Changing My Sadness Into a Source of Growth

Brianna Badge, of Arizona, learns to embrace uncertainty and victoriously move forward.

Photo: Linda Badger.
Photo: Linda Badger.

by Brianna Badger

Born with health issues, I needed to wear an awkward-looking insulin pump by the time I started my freshman year at a new high school. Already self-conscious, I was bullied and harassed. Insecurity about my body led to bulimia. I dreaded going to school and barely passed ninth grade.

Even though I’m a third-generation SGI Buddhist, I had little faith or motivation to practice. I isolated myself from the world and spent most days in bed. I was eventually diagnosed with depression and obsessive-compulsive disorder. I started smoking and drinking alcohol, then moved on to prescription pills.

My bulimia turned into anorexia, and I went down to 87 pounds. My relationship with my parents was also horrible. I felt alone and was in tears, but this made me realize that all I wanted was to be happy. I was done being miserable and living with no hope. I realized that, as a Buddhist, I was born to fight all of my obstacles head-on.

I’ve learned to embrace uncertainty and, as Sensei says, keep moving forward.

Even though it seemed impossible, being over a year behind, I determined to go back to high school and get my diploma. I quit my toxic habits, and started attending SGI meetings and spending time with my mom to improve our relationship.

An SGI-USA women’s leader offered me guidance. If I was fed up with everything, she said, I should just try chanting Nam-myoho-renge-kyo. So, one day, I sat down and faced my life in front of the Gohonzon. I chanted fiercely, every day, to transform my life and my environment. At first, I was crying tears of sorrow but pushed myself to keep going until I didn’t feel sad or empty. I also started eagerly participating in SGI activities.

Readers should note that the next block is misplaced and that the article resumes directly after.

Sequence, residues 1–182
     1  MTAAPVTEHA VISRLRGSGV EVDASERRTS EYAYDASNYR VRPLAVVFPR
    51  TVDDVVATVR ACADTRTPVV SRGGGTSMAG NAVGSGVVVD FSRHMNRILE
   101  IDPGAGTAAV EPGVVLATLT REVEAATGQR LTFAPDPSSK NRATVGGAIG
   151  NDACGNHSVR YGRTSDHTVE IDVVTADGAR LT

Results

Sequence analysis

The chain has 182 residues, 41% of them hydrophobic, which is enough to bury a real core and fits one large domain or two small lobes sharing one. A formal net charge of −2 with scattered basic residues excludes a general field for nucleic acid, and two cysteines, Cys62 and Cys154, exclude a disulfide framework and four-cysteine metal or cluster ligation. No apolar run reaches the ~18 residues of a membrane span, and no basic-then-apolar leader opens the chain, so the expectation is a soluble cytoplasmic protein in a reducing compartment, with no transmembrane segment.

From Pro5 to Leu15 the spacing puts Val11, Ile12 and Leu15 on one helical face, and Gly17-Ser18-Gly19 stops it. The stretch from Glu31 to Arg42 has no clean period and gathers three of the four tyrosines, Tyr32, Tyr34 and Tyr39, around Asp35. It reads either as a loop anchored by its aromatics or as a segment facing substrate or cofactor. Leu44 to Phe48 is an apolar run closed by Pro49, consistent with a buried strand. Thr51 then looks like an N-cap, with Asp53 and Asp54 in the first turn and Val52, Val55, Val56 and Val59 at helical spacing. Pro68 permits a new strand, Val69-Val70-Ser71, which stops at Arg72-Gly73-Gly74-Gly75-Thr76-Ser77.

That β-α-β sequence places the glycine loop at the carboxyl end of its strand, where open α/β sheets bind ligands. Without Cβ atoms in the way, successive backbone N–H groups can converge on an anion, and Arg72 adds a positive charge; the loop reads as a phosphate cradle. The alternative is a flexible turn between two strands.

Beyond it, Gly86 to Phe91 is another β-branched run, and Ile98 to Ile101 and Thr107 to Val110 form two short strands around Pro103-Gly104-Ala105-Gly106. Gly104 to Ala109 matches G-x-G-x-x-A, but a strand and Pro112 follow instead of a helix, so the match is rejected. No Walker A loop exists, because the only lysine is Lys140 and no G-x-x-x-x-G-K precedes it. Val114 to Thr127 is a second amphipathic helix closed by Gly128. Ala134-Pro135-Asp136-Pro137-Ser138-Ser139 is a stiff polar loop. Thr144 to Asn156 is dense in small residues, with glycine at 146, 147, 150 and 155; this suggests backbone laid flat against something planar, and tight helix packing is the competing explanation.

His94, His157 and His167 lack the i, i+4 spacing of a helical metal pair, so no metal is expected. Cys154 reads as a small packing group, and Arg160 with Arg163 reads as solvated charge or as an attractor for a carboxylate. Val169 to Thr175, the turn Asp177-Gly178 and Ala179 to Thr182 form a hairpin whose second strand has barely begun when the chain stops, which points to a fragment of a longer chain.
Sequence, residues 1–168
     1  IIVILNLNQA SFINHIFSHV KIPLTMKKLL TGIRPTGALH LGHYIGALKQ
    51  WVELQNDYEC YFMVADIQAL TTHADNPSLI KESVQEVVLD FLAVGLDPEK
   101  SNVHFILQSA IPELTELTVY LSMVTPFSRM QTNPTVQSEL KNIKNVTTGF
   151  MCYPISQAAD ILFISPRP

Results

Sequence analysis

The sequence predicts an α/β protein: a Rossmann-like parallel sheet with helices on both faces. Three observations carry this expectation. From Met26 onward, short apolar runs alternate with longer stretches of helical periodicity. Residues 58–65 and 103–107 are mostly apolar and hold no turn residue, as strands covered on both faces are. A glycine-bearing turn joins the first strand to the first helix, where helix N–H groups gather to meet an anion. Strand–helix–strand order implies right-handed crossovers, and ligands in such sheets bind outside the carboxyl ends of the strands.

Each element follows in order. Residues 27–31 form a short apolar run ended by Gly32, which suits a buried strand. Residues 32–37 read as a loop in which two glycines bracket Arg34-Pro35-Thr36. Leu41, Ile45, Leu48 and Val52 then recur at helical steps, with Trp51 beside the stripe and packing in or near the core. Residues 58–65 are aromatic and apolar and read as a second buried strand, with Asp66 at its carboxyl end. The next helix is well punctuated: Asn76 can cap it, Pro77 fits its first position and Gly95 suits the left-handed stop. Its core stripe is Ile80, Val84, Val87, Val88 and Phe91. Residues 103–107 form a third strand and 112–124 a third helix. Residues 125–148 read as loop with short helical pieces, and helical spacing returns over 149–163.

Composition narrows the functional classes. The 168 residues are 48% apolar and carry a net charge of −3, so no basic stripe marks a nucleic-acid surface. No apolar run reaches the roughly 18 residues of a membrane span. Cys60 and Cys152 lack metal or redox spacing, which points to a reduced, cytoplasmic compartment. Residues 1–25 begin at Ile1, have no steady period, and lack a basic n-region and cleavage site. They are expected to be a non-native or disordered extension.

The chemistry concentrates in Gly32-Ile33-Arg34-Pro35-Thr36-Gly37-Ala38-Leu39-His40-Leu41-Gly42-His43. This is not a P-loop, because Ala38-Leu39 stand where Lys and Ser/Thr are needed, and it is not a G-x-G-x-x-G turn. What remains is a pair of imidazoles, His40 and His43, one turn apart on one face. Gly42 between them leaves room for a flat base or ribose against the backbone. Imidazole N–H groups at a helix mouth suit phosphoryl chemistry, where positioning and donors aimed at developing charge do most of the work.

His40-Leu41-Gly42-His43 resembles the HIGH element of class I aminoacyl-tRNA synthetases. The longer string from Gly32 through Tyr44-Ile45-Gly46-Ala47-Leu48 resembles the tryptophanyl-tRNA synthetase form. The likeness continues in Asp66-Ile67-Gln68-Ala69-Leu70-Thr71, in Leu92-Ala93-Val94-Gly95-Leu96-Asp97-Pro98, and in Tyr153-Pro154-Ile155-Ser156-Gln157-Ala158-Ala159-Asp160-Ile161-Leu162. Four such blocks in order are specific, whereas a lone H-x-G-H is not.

I saw myself feeling better emotionally and physically. I began taking better care of my health, which improved drastically. Even when I didn’t want to see anyone, I forced myself to attend all my district meetings. I always left feeling encouraged.

I also read SGI President Ikeda’s guidance, because I wanted to deepen my Buddhist practice. Sensei says: “Only when we experience the crushing, painful depths of suffering can we begin to understand the true meaning of life. Precisely because we have experienced great suffering, it is imperative that we go on living. The important thing is to keep moving forward. If each of you uses your sadness as a source of growth, you will become a person of greater depth and breadth—and an even more wonderful you . . . Hold your head high. Because you have lived with all your might, you are victors. You must not sink into depression or take a path that leads to self-destruction” (The Victorious Teen, p. 79).

I am very excited about my future now. I am going to graduate on time with the class of 2017. I also discovered my passion and am pursuing a career in the medical field. While chanting, I took action by finding a way to move forward, signing up for several classes that will enable me to find a job in the career of my dreams.

I can use my health struggles to contribute to my growth instead of suffering, turning my karma into mission. And I am happy in all aspects of my life. I used to be frightened about what would happen next, but I’ve learned to embrace uncertainty and, as Sensei says, keep moving forward. If I ever find myself lost, I’ll simply take a deep breath and retrace my steps, and go back to the purest place in my heart, which is the SGI and my Buddhist practice.


(p. 9)